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30’ radio podcasts series, italian
voice by Michele Poletti

Hotel Baikonur is an attempt at speculative narration, with the aim of re-mediating storytelling, introducing creativity in the scientific field as a key factor in promoting its dissemination.

The presence in the contemporary society of social media, the increasingly close intertwining of real and virtual, has cracked the individual's critical ability, the selectivity of seeking information, in many cases overturning the mechanisms of reading reality and trust towards the stories of everyday life. The strong imprint of marketing on storytelling has shifted the forms of narration from facts to post-truth. A model in which adherence to reality no longer matters as much as the impact, the involvement of the fan at any cost, and therefore the glitters and the package. In the shadows, having suffered this imbalance, lies all the fields in which adherence to reality is not only ethical but is necessary to avoid the collapse of a shared value system. Science, history, art, culture, in general, have remained in an unstable balance between strictly technical dissemination, and audience development, the need to transform users into fans, and consequently into customers, and then fall, except in rare cases. The monsters of the sleep of reason have been generated. The liberalization of social media opinions has given way to all sorts of claiming conspiracies, to any kind of self-referential story that avenges the discomfort of not fully understanding reality to the point of building a new, incorrect, aberrated but satisfying one. After all, storytelling is a biological function.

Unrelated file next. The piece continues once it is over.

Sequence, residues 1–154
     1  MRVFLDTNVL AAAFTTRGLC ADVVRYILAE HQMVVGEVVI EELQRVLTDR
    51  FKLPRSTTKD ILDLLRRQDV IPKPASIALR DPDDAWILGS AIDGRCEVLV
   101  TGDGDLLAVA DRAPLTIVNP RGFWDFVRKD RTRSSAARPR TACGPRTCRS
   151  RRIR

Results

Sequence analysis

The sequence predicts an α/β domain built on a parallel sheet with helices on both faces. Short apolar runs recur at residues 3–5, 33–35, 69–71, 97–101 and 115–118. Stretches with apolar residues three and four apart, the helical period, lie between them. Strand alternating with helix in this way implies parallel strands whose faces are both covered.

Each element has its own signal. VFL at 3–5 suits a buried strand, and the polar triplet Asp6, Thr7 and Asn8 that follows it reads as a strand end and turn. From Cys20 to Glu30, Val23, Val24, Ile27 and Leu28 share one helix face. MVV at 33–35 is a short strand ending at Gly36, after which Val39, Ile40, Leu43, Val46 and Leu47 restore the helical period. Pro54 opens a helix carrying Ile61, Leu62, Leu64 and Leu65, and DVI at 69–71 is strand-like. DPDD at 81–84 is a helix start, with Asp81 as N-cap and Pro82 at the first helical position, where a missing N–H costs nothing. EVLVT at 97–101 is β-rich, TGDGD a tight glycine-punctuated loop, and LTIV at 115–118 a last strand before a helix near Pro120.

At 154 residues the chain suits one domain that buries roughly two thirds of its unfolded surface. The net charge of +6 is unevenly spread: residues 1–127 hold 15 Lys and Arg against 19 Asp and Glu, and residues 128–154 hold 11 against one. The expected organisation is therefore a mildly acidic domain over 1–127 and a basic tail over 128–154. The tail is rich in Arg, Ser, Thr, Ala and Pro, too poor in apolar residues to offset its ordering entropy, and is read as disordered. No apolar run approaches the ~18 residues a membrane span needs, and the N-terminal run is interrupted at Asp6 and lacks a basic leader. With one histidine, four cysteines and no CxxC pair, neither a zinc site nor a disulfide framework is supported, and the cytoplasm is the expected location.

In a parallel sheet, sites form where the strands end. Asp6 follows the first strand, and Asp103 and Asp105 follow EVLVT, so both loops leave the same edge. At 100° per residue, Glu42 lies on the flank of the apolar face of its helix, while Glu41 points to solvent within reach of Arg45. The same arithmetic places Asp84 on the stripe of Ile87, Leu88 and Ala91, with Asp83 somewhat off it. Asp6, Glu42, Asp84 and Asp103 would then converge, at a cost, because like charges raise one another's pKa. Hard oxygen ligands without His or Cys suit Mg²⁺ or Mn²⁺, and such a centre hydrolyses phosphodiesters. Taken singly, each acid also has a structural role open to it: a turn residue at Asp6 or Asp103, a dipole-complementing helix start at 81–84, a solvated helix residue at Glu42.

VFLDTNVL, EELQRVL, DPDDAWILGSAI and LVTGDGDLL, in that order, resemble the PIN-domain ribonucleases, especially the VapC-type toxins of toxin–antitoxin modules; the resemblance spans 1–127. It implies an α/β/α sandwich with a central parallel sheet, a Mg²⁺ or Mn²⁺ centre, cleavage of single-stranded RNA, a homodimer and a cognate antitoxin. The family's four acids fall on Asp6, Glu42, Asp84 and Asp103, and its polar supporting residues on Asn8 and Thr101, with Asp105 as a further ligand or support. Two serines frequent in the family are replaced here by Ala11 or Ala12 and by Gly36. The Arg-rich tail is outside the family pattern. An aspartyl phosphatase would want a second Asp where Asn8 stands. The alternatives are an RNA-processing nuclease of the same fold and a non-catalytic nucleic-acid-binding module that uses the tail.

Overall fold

Hotel Baikonur deliberately creates a parallel between storytelling and speculative fiction, which share the ability -which is the ability of literature- to generate plausible but not real worlds and make them understandable. Science fiction can build events based on unreal or implausible -yet understandable- laws and scientific models. The artistic process of this work is based on the logical inversion in which sci-fi becomes the key to illustrating real news, discoveries, and scientific systems, making them (more) understandable through the narrative device, resetting the truth, the marvel, the importance of deep research in any field.

“Hotel Baikonur is an interplanetary broadcast in a precarious balance between science, science fiction, and speculative fiction. The things you will hear are true or imagined. There are real things on the edge of the incredible, and things imagined on the edge of reality. Many of the things you will hear will be a mixture of real and imaginary, past, present and future. And a lot of the things you will hear will be music.

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